# The Most Important Points in Grand Slam Singles Tennis

By O'Donoghue, Peter G. | Research Quarterly for Exercise and Sport, June 2001 | Go to article overview

# The Most Important Points in Grand Slam Singles Tennis

O'Donoghue, Peter G., Research Quarterly for Exercise and Sport

A computerized data management system was used to enter details of points played in 252 tennis matches from the men's and women's singles events of all four Grand Slam tournaments over a 2-year period. A supplementary data analysis system was developed to determine the proportion of points won by each player on serve at each game score from love all to deuce as well as the proportion of games the player went on to win from each score. Analysis of the 43 matches in which both players served at each score from love all to deuce revealed that the proportion of points won by the server was not significantly influenced by score, F(15, 495) = 0.8, p [greater than] .05. A further analysis of the 175 matches consisting of at least 100 points revealed that the proportion of points won by the superior player was not significantly influenced by gender, F(1, 165) = 0.1, p [greater than] .05, or surface, F (3, 165) = 0.1, p [greater than] . 05. However, the proportion of points won when serving was significantly greater in men's singles than women's singles, F(1, 165) = 69. 7, p [less than] .001, [R.sup.2] = .30. Surface also had a significant influence on the proportion of points won when serving, F(3, 165) = 8.1, p [less than] .001, [R.sup.2] = .13, with a significantly greater proportion of points won when serving by both winning and losing players at Wimbledon than at the Australian and French Opens, p [less than] .05. This suggests that gender and surface should be accounted for when determining the importance of points in Grand Slam tennis.

Key words: score, strategy, gender, surface

Tennis is a game in which the outcome is decided when a player has reached a winning score rather than by using the score after a predetermined period of time. However, because of the grouping of points into games and sets within matches, it is possible for a player to win a tennis match with well under half of the points played. The current score during a game of tennis may influence player behavior, the strategy adopted, and, ultimately, player performance. Indeed, elite players and coaches have recommended score-specific strategies (Ashe, 1981; Hohm, 1987). There is also empirical evidence that players adopt different strategies when they are ahead, level, and behind on service breaks in both women's singles (O'Donoghue & Scully, 1998) and men's singles (Scully & O'Donoghue, 1999) at Grand Slam tournaments.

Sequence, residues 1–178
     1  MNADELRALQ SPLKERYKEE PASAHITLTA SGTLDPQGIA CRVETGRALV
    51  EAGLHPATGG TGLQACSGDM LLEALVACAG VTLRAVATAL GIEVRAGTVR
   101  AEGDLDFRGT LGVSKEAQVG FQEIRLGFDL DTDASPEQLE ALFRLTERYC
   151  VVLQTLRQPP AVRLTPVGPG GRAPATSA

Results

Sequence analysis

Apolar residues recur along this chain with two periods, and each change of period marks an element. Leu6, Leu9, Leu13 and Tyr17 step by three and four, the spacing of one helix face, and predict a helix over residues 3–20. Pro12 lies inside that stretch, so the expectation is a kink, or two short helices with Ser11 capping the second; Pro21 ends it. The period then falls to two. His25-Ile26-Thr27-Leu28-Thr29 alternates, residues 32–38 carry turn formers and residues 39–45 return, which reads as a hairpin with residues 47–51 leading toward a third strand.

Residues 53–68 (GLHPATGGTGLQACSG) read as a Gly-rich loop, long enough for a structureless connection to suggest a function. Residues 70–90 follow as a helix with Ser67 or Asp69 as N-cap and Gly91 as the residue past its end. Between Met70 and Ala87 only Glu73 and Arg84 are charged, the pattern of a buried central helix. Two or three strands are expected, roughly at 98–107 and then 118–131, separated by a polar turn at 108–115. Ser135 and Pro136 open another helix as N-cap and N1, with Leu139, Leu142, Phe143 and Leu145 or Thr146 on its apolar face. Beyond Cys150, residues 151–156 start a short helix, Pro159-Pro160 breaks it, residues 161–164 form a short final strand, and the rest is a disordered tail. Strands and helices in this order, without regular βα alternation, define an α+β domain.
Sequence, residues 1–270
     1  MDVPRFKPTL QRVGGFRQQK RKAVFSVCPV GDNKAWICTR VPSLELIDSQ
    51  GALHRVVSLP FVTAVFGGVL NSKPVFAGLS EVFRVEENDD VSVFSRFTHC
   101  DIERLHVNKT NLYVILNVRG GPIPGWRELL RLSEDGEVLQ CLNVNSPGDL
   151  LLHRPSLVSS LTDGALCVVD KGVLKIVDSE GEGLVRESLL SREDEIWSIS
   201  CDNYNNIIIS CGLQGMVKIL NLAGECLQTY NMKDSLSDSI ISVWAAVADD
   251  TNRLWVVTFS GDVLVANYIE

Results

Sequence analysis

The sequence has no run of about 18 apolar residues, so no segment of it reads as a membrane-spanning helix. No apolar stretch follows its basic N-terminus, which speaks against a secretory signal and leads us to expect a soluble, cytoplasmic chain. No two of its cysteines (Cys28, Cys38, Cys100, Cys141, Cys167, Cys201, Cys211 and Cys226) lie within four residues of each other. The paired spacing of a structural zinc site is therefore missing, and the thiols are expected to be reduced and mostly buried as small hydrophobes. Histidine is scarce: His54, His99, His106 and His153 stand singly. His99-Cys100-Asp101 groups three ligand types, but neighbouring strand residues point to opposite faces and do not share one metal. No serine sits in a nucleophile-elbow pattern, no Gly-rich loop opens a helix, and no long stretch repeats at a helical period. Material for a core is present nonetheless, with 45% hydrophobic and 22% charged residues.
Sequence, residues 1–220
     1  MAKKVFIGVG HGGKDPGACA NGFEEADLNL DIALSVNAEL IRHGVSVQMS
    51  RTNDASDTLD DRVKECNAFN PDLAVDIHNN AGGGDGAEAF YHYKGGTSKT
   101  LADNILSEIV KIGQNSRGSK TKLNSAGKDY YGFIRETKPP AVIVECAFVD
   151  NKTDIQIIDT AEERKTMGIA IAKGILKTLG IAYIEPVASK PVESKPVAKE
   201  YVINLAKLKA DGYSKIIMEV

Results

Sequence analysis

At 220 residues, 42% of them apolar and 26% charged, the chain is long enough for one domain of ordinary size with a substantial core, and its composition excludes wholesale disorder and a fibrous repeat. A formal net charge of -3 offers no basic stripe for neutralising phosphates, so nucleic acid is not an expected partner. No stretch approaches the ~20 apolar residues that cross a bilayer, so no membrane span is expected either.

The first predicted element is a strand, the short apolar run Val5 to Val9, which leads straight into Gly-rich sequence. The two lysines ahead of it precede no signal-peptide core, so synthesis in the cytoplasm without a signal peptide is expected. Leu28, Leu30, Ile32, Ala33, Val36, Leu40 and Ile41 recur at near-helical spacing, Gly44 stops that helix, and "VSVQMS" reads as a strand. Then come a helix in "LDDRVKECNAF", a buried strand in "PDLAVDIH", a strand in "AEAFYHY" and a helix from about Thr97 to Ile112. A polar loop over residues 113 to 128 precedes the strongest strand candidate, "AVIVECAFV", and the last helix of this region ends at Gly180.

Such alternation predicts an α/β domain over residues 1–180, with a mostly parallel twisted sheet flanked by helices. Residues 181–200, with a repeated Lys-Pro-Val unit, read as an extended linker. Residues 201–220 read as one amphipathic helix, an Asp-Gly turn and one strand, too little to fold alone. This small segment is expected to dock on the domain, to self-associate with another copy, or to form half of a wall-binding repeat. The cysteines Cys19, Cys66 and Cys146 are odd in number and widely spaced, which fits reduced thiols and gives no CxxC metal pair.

Both gender and surface have been found to influence the length of rallies at Wimbledon and at the French Open (O'Donoghue & Liddle, 1998a). In women's singles, more points are won on service and at the net at Wimbledon than at the French Open, while more points are won from the baseline at the French Open (O'Donoghue & Liddle, 1998b). These factors may lead to a variation in the proportion of points won by the server between men's and women's singles and between different court surfaces. All four Grand Slam tournaments are now played on different surfaces. The U.S. Open moved from the grass courts of Forrest Hills to the hard courts of Flushing Meadow in 1978. The Australian Open moved away from the grass surface of Kooyong to the synthetic grass surface of Melbourne Park in 1986. Wimbledon remains a grass court tournament, and the French Open is still played on the clay of Roland Garros. The court surface is associated with many other court characteristics, which have a confounding influence that cannot be controlled within the current investigation.

Mathematical models have been developed to determine the importance of each score, given the probability of the serving player winning a point [p.sub.S] (Croucher, 1986; Morris, 1977). Other mathematical models are used to evaluate the accuracy of different scoring systems. Pollard's (1983) model uses distinct probabilities for points won on serve by the winning player [p.sub.A] and the losing player [p.sub.B] Other models use a probability of a player winning a point [p. …

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